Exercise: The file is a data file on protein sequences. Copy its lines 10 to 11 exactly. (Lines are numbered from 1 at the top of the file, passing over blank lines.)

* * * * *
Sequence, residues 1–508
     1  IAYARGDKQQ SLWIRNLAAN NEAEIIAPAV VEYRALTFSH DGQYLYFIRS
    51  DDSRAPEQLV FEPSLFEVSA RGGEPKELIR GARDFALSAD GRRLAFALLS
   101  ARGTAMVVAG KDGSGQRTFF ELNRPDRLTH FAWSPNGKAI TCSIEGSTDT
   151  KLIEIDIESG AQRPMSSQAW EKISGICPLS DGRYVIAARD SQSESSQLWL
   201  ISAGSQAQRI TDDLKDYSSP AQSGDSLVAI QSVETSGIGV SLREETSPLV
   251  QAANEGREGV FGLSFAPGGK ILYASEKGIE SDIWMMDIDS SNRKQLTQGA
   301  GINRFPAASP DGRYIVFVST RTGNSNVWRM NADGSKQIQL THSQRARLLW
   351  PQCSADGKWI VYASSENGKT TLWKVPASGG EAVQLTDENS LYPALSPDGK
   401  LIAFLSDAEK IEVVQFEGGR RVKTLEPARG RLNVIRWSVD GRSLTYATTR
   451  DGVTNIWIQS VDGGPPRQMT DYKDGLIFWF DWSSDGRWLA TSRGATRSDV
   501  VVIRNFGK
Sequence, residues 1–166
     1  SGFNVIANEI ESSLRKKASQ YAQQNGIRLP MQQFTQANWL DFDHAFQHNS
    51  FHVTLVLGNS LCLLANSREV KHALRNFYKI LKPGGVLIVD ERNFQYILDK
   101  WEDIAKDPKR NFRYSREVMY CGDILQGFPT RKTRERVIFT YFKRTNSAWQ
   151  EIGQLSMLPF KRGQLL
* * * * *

   401  LIAFLSDAEK IEVVQFEGGR RVKTLEPARG RLNVIRWSVD GRSLTYATTR
   451  DGVTNIWIQS VDGGPPRQMT DYKDGLIFWF DWSSDGRWLA TSRGATRSDV